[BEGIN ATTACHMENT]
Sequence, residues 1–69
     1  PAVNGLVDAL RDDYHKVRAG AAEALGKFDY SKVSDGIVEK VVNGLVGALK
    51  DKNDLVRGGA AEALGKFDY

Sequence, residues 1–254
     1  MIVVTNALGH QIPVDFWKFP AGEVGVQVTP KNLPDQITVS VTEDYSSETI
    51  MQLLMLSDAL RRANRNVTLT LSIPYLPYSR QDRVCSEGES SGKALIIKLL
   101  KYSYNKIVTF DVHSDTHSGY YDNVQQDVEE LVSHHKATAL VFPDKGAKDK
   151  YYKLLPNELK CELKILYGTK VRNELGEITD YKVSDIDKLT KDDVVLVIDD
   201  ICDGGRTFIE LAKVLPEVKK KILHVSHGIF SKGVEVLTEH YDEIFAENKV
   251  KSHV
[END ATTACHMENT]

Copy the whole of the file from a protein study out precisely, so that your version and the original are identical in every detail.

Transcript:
Sequence, residues 1–69
     1  PAVNGLVDAL RDDYHKVRAG AAEALGKFDY SKVSDGIVEK VVNGLVGALK
    51  DKNDLVRGGA AEALGKFDY

Sequence, residues 1–254
     1  MIVVTNALGH QIPVDFWKFP AGEVGVQVTP KNLPDQITVS VTEDYSSETI
    51  MQLLMLSDAL RRANRNVTLT LSIPYLPYSR QDRVCSEGES SGKALIIKLL
   101  KYSYNKIVTF DVHSDTHSGY YDNVQQDVEE LVSHHKATAL VFPDKGAKDK
   151  YYKLLPNELK CELKILYGTK VRNELGEITD YKVSDIDKLT KDDVVLVIDD
   201  ICDGGRTFIE LAKVLPEVKK KILHVSHGIF SKGVEVLTEH YDEIFAENKV
   251  KSHV